Saturday, 5 May 2012

Art in 16th-Century Venice: Context, Practices, Developments. (A conference in honour of Peter Humfrey, University of St Andrews) & TheEssence of Beauty: 500 Years of Italian Art (Glasgow).

Review written retrospectively.


For anyone who isn't a St Andrean Art Historian, allow me to let you in on a little secret. Professor Peter Humfrey is a pretty big deal. I have never taken any of his classes, partly due to other priorities, partly due to the fact that getting something wrong in his presence would have haunted me for the rest of my days. He is an icon of the Art History department, if not the entire university/art historical world. He is also incredibly lovely to talk to, even as a lowly-undergraduate, and he encouraged my friends & I to come to the conference that was being held in his honour. Yeah that's right.

In his honour.

Professor Humfrey was retiring, so this was like his going away gift from his faculty successor. I had never been to a proper academic conference before, and boy, it was overwhelming. The room was chock to the brim with academics from all over the world, some of the best universities in the universe, all wearing spectacular collections of tweed and generally appearing incredibly knowledgeable about absolutely anything you could think of.

Admittedly, I spent most of the actual lectures being slightly baffled by the fact that EVERYONE KNEW SO MUCH. But it was an incredibly fun environment to be in. There's something about being an art historian which makes you feel like you should know everything about Italian art, particularly Renaissance Italian art. It's the art that most people are familiar with in some respects, but it wasn't part of the path I chose for myself in my honours modules so I entirely missed out that point in history (except for some retrospective material in my Grand Tour module).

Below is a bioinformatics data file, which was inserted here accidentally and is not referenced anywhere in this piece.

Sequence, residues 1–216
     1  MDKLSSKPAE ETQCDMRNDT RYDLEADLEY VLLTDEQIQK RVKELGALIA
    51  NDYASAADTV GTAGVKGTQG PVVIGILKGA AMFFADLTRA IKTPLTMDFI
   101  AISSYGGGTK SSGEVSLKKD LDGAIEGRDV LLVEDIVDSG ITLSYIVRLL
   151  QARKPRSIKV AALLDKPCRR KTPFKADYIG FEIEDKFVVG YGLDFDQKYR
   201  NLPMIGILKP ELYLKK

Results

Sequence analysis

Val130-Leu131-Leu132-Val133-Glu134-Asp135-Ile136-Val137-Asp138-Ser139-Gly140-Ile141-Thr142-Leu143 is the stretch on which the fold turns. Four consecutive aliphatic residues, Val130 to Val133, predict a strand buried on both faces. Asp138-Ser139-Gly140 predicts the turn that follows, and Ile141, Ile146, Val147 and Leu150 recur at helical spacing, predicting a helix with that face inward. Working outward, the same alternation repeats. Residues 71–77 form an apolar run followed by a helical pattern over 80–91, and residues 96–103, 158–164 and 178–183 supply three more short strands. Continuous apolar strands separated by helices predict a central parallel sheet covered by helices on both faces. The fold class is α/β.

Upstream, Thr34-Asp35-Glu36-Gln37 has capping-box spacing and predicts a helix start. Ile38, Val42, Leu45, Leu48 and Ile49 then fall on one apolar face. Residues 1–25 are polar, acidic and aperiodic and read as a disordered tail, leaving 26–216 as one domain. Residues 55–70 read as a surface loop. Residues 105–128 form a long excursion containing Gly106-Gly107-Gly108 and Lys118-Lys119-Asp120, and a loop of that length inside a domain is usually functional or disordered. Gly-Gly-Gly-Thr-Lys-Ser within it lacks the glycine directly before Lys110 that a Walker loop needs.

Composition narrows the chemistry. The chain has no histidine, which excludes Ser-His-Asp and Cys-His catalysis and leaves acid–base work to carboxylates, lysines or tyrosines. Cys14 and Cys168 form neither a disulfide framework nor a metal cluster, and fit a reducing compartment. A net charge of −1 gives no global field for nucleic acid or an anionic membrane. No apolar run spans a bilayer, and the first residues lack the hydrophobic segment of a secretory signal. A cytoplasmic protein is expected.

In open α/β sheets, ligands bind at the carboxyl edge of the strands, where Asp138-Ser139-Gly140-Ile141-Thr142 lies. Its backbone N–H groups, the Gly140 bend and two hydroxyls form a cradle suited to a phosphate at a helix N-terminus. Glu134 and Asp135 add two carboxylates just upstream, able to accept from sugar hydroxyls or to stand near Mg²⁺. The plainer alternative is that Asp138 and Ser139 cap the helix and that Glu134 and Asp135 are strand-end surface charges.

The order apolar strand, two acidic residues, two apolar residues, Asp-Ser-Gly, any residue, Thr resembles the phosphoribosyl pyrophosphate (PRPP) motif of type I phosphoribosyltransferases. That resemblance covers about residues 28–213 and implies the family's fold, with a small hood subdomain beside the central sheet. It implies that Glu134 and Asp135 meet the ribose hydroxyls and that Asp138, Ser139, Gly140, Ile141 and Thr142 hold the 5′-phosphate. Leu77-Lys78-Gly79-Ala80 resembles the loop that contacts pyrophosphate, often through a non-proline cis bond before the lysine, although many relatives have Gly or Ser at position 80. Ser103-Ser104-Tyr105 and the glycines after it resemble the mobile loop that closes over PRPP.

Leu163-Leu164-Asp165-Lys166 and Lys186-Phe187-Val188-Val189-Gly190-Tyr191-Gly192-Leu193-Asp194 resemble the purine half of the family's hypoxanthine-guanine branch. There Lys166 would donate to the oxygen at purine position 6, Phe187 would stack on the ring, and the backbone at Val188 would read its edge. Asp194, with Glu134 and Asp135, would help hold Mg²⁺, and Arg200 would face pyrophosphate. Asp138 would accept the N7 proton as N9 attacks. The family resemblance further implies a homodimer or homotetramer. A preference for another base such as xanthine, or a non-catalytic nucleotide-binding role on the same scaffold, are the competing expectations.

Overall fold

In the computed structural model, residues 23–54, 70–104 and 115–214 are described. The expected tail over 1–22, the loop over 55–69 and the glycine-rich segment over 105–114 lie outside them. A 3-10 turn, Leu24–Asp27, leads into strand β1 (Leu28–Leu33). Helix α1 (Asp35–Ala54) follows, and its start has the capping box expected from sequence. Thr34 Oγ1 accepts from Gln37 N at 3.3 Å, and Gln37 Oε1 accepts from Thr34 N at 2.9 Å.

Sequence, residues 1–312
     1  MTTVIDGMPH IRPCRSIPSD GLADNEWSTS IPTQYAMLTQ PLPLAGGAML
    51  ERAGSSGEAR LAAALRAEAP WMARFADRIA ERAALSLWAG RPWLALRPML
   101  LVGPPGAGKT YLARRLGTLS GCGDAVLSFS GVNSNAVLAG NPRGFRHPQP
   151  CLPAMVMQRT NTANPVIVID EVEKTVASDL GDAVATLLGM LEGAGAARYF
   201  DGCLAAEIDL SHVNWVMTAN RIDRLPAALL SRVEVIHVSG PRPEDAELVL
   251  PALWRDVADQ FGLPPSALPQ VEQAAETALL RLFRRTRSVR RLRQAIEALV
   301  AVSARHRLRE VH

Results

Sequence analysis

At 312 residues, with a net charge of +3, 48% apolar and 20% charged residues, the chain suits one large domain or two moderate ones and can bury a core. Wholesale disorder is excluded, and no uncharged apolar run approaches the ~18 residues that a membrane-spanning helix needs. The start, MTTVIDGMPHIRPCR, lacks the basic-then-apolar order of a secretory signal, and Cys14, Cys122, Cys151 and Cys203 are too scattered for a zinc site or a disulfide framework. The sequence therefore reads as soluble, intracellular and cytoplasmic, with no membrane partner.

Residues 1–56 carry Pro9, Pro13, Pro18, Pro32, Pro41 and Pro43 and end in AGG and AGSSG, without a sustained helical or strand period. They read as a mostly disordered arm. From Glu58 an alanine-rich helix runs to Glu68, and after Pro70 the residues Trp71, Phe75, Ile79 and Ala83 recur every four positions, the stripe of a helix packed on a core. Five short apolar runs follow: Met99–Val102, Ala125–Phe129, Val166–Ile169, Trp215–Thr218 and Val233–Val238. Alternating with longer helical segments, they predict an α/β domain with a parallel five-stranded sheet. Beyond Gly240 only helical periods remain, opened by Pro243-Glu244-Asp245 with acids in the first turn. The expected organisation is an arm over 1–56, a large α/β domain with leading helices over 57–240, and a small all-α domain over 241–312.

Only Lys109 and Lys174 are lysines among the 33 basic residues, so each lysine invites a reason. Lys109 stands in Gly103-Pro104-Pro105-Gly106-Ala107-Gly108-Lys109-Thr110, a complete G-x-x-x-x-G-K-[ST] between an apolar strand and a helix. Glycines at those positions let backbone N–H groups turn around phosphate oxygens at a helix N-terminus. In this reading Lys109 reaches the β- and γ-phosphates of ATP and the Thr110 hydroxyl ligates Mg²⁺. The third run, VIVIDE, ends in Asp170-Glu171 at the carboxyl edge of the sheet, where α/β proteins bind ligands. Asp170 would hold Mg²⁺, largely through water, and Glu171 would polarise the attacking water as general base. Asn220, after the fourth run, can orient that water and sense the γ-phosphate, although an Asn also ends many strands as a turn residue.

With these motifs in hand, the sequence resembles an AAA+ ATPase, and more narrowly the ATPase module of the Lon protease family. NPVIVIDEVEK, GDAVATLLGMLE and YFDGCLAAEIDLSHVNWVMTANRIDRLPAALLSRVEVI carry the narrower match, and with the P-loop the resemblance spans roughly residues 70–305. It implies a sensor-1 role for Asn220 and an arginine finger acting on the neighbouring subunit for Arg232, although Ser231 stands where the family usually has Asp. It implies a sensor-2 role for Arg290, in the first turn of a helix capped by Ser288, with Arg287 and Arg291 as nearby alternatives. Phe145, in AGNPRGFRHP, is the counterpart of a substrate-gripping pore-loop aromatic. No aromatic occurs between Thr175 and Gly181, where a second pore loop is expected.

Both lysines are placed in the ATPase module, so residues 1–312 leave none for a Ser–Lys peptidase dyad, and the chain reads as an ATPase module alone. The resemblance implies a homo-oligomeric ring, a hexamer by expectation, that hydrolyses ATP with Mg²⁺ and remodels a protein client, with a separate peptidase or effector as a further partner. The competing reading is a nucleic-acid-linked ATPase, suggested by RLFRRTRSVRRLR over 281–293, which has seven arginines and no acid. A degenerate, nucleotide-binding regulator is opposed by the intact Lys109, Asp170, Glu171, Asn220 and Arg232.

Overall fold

The following day, a sample delegate from the conference attendees were bussed over to Glasgow to see the exhibition.

The Essence of Beauty: 500 Years of Italian Art.

Kelvingrove.

Exhibition party.










The biggest Rosa I've ever seen! The only other one I've seen in the flesh is at the Walker Gallery & it is nowhere near as big as this. There were two of them! I was overjoyed!

The Dying Gaul.

I absolutely adored the exhibition. It was beautifully curated in every respect and the breadth of work was amazing. The experience was definitely enhanced by having Professor Humfrey there. He was able to talk to us about individual artworks (as shown above), as well as talking about issues organising the exhibition itself. One of the reasons I enjoyed my university lectures so much was listening to people who felt all of this in their bones. Professor Humfrey certainly does, as did all of the academics that were there to see him off to retirement. What was the most beautiful, however, was watching how closely they all listened to him. To be an expert in a field and still be utterly captivated by someone who shares your interests, that's got to be an amazing and humbling feeling!

Last I heard, Professor Humfrey is easing into retirement & still doing the odd module at St Andrews. I am glad. He'll get to terrify some new students with his amazing wealth of knowledge.



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